The U.S. Senate on Friday confirmed retired Marine Gen. James Mattis to serve as the next secretary of defense.
A majority of the upper chamber voted in favor of Mattis taking over the top civilian job at the Pentagon.
In a statement later in the evening to Pentagon employees, the former head of Central Command said it felt "good to be back."
"Together with the intelligence community we are the sentinels and guardians of our nation," he said. "We need only look to you, the uniformed and civilian members of the department and your families, to see the fundamental unity of our country. You represent an America committed to the common good; an America that is never complacent about defending its freedoms; and an America that remains a steady beacon of hope for all mankind. Mattis added, "Every action we take will be designed to ensure our military is ready to fight today and in the future. Recognizing that no nation is secure without friends, we will work with the State Department to strengthen our alliances. Further, we are devoted to gaining full value from every taxpayer dollar spent on defense, thereby earning the trust of Congress and the American people. He closed, "I am confident you will do your part. I pledge to you I'll do my best as your Secretary."
The Senate voted 98 in support of Mattis, one against and one absent. Sen. Kirsten Gillibrand, a Democrat from New York, voted "no" in a symbolic gesture to highlight the need for civilian control of the military. Sen. Jeff Sessions, a Republican from Alabama, recused himself because he has been nominated to serve in the Trump administration as attorney general.
Rep. William "Mac" Thornberry, a Republican from Texas and chairman of the House Armed Services Committee, praised the confirmation.
"Reforming and rebuilding our military is an enormous task," he said in a statement. "The American people and the Congress are very fortunate to have an extraordinary leader and partner to help tackle this challenge in our new Secretary of Defense, James Mattis. I can think of no better choice to serve at the helm of the Pentagon beginning on day one of the new Administration."
The Senate action came after President Donald Trump, in one of his first acts as the new commander in chief, signed a waiver passed by Congress to permit Mattis to serve in the role.
After taking the oath of office, Trump remained at the Capitol to sign a number of documents officially nominating his choices for cabinet and ambassador posts and to declare Jan. 20 a "National Day of Patriotism."
Among the documents was the historic waiver for the 66-year-old Mattis, who led the 2003 invasion of Iraq as commander of the 1st Marine Division, commanded a task force in Afghanistan in 2001, and commanded a battalion in the Persian Gulf war in 1990.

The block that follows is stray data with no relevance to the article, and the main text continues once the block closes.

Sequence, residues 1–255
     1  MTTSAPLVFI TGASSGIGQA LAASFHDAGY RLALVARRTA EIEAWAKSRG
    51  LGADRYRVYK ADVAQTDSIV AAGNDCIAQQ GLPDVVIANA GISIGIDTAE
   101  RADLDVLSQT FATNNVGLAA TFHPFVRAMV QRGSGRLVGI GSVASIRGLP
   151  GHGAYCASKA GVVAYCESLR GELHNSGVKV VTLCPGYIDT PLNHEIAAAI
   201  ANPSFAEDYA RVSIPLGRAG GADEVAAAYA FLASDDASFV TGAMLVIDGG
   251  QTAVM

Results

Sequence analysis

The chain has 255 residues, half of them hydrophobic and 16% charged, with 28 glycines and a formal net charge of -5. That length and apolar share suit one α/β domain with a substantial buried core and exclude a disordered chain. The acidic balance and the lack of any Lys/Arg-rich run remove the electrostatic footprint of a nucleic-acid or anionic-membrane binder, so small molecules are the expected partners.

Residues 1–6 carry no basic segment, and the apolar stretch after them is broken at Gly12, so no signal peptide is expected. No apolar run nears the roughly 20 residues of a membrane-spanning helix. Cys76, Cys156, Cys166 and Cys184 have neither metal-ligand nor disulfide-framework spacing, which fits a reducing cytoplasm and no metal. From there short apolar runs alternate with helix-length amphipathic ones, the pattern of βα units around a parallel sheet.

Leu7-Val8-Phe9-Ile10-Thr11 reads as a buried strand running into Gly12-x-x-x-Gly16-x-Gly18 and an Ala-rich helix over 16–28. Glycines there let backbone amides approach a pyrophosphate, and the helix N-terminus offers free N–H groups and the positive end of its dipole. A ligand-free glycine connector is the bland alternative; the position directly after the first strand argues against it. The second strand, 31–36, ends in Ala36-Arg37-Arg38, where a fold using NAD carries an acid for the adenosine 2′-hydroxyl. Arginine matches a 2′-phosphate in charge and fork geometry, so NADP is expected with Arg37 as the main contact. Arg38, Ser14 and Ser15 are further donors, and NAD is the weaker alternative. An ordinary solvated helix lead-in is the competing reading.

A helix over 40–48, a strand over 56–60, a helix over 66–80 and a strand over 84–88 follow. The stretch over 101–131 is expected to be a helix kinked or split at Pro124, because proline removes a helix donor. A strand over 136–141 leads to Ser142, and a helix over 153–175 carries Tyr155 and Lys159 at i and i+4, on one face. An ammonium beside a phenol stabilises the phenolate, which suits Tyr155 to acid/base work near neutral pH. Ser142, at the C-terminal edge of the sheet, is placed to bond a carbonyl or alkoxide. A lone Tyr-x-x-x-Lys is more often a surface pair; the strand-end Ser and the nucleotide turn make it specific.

In 1947, Congress passed a law barring members of the military from taking the Defense Secretary’s post until seven years after retirement to preserve civilian control of the military. Mattis retired in 2013.
The only previous exception to the law was the waiver granted to Gen. George C. Marshall, the five-star Army chief of staff in World War II, who became Defense Secretary in 1950.
Earlier this week in separate action, the Senate Armed Services Committee voted 26-1 to approve Mattis for a confirmation vote by the full Senate. The only "no" vote in the panel was from Gillibrand, who praised Mattis but said she was voting against him on the issue of civilian control.
Mattis was expected to make his first visit as the 26th secretary of defense to the Pentagon to meet with Joint Chiefs Chairman Marine Gen. Joseph Dunford and Deputy Defense Secretary Robert Work, who was staying on temporarily at the Pentagon to assist with management issues.
During the campaign, Trump said he would demand a plan from his commanders within 30 days of taking office speed up and ultimately end the campaign against the Islamic State of Iraq and Syria, or ISIS. In his inaugural address, Trump said he would "eradicate radical Islamic terrorism from the face of the Earth."
During his Senate confirmation hearings, Mattis also said he would be reviewing plans to "accelerate" the ISIS campaign but gave no details.
Already, there were signs that the U.S. military was moving more aggressively against ISIS and also the al Qaeda affiliate in Syria. On Wednesday, in the last combat mission specifically authorized by President Barack Obama, B-2 Spirit stealth bombers flying out of Whiteman Air Force Base in Missouri struck ISIS camps in Libya.
On Thursday, a B-52 Stratofortress bomber deployed to the region dropped munitions in Syria west of Aleppo against a training camp of the Jabhat Fatah al-Sham group, formerly known as the Al Nusra Front and linked to Al Qaeda.
Navy Capt. Jeff Davis, a Pentagon spokesman said "The removal of this training camp disrupts training operations and discourages hardline Islamist and Syrian opposition groups from joining or cooperating with Al Qaeda on the battlefield."
-- Brendan McGarry contributed to this report.
-- Richard Sisk can be reached at Richard.Sisk@Military.com.